What Makes a Successful Chef
Do you have what it takes to be a succesful chef?
George Krumov | Chef's Blade
Have you ever envisioned yourself as a glamorous executive chef who goes to “Iron Chef” and cooks everybody else’s bum to another planet? You are not the only one.
Becoming a chef can be a good career move only if you have the right personality, and it is definitely not as glorious as it seems on TV.
Working under constant pressure to deliver the food fast without sacrificing quality throughout the process, standing on your feet for long hours, enduring cuts and burns, heavy lifting, noise, heat, smokes and fumes, working on evenings, weekends and holidays and almost anytime when the rest of the world is not working are just a few of the things you must go through as a chef.
When you finally become a head chef you might not have to do the heavy lifting, but your responsibilities will increase significantly. Executive chefs, or head chefs, are in charge of coordinating the work of the kitchen staff, control food cost, determine serving sizes, plan menus, order supplies, ensure quality and presentation of food is correct, schedule staff, train the cooks on public health regulations and how to store all products in order to control waste.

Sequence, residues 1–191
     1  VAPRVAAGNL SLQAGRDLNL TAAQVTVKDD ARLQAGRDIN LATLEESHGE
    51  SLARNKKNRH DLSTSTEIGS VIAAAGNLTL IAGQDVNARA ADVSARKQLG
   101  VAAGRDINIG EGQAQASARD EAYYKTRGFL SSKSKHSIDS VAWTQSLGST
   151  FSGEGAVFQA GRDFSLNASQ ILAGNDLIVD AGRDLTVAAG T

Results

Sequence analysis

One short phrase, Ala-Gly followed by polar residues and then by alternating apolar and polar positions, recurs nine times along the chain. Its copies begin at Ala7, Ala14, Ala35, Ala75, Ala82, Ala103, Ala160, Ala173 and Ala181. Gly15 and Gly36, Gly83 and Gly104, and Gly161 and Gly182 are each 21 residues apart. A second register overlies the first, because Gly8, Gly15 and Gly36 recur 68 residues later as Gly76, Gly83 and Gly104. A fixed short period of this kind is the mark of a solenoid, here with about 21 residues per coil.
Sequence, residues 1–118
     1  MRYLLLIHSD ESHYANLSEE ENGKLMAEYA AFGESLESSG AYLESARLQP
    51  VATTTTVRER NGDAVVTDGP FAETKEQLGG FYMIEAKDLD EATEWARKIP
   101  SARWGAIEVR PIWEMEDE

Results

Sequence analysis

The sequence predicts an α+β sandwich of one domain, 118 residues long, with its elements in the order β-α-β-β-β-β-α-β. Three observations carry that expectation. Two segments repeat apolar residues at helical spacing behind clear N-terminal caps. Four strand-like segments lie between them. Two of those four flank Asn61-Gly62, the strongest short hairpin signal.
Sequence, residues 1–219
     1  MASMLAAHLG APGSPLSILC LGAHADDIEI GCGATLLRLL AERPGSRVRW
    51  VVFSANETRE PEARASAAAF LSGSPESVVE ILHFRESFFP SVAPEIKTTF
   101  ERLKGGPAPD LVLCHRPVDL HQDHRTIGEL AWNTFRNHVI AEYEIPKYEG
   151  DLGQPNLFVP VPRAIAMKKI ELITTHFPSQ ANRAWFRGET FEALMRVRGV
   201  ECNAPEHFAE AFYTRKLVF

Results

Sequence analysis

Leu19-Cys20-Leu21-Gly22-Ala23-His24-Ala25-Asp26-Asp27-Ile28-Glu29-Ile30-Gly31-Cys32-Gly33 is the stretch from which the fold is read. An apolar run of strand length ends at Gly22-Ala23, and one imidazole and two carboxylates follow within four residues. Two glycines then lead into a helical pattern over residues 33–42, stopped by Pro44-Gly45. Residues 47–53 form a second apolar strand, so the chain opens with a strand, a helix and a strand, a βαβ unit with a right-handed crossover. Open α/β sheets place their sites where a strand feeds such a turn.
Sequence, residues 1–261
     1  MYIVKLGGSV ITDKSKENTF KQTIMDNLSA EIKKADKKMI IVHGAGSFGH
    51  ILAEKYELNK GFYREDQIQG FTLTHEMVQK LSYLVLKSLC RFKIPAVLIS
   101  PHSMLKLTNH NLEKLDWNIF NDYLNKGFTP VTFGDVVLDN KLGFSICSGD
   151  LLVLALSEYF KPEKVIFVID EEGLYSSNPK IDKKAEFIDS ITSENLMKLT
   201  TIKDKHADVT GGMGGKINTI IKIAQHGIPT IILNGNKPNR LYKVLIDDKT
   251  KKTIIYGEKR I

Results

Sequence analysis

All that being said, however, the chef profession has many advantages over a 9-to-5 job. For one, you’ll never be bored. There is always something going on in a kitchen. You will always be trying to outdo yourself and cook the most memorable meal possible for each of your patrons. Add to this a dash of the good comments of your customers, a sprinkle of the satisfaction that comes with a job well done at the end of the night, the camaraderie and teamwork in the kitchen, the possibility to apply your creativity on a daily basis, the lifelong learning and prospects of advancement, and you have all the ingredients for a successful and satisfying career.